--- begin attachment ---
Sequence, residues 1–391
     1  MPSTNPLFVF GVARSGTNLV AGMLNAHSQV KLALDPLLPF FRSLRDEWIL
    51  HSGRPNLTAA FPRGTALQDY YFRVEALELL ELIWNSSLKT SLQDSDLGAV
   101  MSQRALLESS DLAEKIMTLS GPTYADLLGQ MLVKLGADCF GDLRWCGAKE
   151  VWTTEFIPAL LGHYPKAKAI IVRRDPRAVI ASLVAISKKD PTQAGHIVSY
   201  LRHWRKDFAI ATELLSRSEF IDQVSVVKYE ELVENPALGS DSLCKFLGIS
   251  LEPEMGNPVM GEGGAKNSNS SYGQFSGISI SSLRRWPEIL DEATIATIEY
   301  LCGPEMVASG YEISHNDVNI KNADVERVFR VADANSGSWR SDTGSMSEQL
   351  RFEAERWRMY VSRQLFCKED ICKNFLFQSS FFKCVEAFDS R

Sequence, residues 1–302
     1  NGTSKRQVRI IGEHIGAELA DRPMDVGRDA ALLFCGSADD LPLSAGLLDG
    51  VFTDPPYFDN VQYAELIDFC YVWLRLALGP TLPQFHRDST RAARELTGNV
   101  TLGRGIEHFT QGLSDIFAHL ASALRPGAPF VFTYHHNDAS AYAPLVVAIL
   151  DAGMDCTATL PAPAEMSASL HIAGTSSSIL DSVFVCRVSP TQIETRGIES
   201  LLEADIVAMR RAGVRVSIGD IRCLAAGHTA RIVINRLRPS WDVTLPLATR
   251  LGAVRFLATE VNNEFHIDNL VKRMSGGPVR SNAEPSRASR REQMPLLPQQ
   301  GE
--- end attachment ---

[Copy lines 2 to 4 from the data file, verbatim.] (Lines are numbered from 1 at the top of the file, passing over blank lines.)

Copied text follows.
     1  MPSTNPLFVF GVARSGTNLV AGMLNAHSQV KLALDPLLPF FRSLRDEWIL
    51  HSGRPNLTAA FPRGTALQDY YFRVEALELL ELIWNSSLKT SLQDSDLGAV
   101  MSQRALLESS DLAEKIMTLS GPTYADLLGQ MLVKLGADCF GDLRWCGAKE